Innocent people could be wrongfully jailed under reforms put forward by the child sex abuse royal commission, with the Australian Lawyers Alliance describing the proposal as "dangerous".
The Royal Commission into Institutional Responses to Child Sexual Abuse has released draft bills which would allow more details about an accused person's past, known as tendency and co-incidence evidence, to be put before a jury.
In releasing the draft bills, royal commission chief executive Philip Reed said tendency and co-incidence evidence as well as joint trials, involving a number of alleged victims of the same defendant, could be significant in child sex abuse cases.
"Where the only evidence of child sexual abuse offences is the complainant's evidence, it is likely to be more difficult for the jury to be satisfied beyond reasonable doubt that the offences occurred because the jury is effectively considering the account of one person against the account of another," he said.
"If other complainants or witnesses are able to give evidence that the accused also sexually abused them as a child - considered to be tendency or co-incidence evidence - this may help the jury to be satisfied of the accused's guilt beyond reasonable doubt."
The Australian Lawyers Alliance has accused the royal commission of going too far, saying lowering the threshold of admissible evidence would lead to an increase in wrongful convictions.
"This will mean more evidence gets in and that means the danger of a wrongful convictions," the ALA's spokesman on criminal justice Greg Barns said.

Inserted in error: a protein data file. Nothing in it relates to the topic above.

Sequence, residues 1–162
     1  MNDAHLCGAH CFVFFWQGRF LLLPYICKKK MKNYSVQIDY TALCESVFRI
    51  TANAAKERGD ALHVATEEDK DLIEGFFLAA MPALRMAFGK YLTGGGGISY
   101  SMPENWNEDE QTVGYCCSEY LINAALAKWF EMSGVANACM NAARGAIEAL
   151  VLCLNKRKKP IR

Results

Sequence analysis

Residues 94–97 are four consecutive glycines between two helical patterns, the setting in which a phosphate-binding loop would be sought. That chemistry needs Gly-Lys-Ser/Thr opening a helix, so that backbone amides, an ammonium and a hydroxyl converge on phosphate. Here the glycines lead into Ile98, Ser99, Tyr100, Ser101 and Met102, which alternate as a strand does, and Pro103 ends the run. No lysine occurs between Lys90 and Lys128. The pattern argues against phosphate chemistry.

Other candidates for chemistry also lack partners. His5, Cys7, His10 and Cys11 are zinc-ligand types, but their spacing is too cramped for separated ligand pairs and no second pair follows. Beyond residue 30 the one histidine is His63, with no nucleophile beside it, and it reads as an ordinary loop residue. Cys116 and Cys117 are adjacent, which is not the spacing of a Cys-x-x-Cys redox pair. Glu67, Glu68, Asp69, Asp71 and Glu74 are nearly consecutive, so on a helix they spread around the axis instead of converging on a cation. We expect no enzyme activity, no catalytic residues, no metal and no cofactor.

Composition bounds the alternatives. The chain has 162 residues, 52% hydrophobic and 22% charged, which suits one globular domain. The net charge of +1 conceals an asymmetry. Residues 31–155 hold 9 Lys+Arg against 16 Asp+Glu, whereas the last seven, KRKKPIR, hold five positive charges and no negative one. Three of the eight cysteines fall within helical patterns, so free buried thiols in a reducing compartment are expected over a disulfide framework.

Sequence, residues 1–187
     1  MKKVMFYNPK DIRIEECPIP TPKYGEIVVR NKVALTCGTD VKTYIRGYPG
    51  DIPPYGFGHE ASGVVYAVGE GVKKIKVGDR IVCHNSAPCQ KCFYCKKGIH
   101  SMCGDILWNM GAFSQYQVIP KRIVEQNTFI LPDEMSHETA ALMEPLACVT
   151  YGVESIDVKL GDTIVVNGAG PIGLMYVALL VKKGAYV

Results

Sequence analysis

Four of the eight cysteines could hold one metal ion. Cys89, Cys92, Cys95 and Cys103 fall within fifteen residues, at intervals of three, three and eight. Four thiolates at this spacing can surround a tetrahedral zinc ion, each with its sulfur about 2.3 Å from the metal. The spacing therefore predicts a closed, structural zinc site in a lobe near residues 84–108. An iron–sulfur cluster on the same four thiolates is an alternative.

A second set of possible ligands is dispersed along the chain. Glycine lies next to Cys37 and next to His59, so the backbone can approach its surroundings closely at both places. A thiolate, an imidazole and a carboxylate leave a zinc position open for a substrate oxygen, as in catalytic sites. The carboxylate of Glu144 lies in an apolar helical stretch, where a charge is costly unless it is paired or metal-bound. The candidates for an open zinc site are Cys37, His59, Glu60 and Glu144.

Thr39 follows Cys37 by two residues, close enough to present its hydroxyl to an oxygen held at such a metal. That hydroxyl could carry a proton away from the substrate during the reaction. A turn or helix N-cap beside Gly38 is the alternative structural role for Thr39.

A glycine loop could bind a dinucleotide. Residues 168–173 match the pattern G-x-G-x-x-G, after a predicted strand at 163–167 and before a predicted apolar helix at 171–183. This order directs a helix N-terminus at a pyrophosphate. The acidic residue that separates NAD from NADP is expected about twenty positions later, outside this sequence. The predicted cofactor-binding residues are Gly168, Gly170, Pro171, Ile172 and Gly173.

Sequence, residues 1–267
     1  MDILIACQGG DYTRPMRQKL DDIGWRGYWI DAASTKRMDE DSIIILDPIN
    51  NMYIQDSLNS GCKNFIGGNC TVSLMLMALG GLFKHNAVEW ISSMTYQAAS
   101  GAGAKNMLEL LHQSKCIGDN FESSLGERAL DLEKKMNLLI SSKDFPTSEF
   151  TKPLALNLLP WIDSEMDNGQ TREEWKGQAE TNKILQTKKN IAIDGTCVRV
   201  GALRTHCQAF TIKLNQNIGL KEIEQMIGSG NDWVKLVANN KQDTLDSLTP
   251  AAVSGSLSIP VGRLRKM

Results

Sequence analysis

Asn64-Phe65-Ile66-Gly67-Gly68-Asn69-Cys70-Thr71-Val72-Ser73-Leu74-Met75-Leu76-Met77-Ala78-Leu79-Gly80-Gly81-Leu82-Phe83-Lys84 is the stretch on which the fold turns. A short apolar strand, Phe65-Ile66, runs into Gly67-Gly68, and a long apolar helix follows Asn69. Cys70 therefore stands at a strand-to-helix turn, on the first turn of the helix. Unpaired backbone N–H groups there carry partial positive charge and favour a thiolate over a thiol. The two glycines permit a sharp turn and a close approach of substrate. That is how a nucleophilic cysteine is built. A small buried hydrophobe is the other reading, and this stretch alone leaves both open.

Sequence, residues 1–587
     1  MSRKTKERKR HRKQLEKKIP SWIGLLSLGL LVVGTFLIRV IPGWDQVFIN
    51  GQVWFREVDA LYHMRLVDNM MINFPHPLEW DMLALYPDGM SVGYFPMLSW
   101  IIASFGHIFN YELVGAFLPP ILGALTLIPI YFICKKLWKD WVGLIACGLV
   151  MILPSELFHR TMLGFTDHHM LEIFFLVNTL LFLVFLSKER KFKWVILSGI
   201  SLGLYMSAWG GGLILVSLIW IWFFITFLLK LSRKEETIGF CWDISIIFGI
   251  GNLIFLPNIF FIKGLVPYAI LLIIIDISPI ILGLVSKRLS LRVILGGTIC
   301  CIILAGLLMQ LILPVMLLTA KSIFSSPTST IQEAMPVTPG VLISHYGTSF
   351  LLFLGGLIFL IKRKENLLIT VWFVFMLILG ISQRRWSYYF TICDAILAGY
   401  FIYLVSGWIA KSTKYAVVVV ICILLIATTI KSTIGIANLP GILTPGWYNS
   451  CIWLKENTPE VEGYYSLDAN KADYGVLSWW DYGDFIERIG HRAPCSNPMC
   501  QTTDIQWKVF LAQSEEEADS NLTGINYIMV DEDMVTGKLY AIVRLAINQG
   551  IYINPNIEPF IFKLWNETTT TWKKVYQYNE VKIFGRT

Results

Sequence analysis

"The jury gets swamped with this material and they think, 'Oh well, he's done it before, he must have done it this time, we'd better convict him'. It will create an increased risk of innocent people going to jail."
A large study of jury behaviour released by the royal commission in May found that evidence of an accused person's "bad character" did not unduly influence a verdict.
Mr Barns said the royal commission is not best placed to make suggestions about fairness in criminal trials.
"(The draft bills) are extraordinary," he said. "I think this royal commission has advocated a particular perspective. After hearing three or four years of horror stories from victims it's understandable they would have that perspective but it doesn't mean they are best placed to be giving advice on fairness in criminal trials. It's very dangerous."
Andrew Morrison SC, the ALA's spokesman on the royal commission, raised concerns that the bills were too broad and would apply nationally to all crimes, not just those involving child sexual abuse.
"The reforms proposed in these draft bills would seriously undermine the right to a fair trial in Australia," he said.
"There are very real risks that such reforms would lead to convictions and prison sentences for innocent people."
Dr Morrison said the ALA supports the commission's work but believes the draft bills overstep the mark.
"In this instance it has gone too far," he said. "Reforming evidence laws is outside of its terms of reference and the proposed bills present a serious risk to the Australian legal system."
A royal commission spokeswoman said legislative reforms to better protect children were in its terms of reference.
The draft has been released for public consultation with the commission welcoming feedback.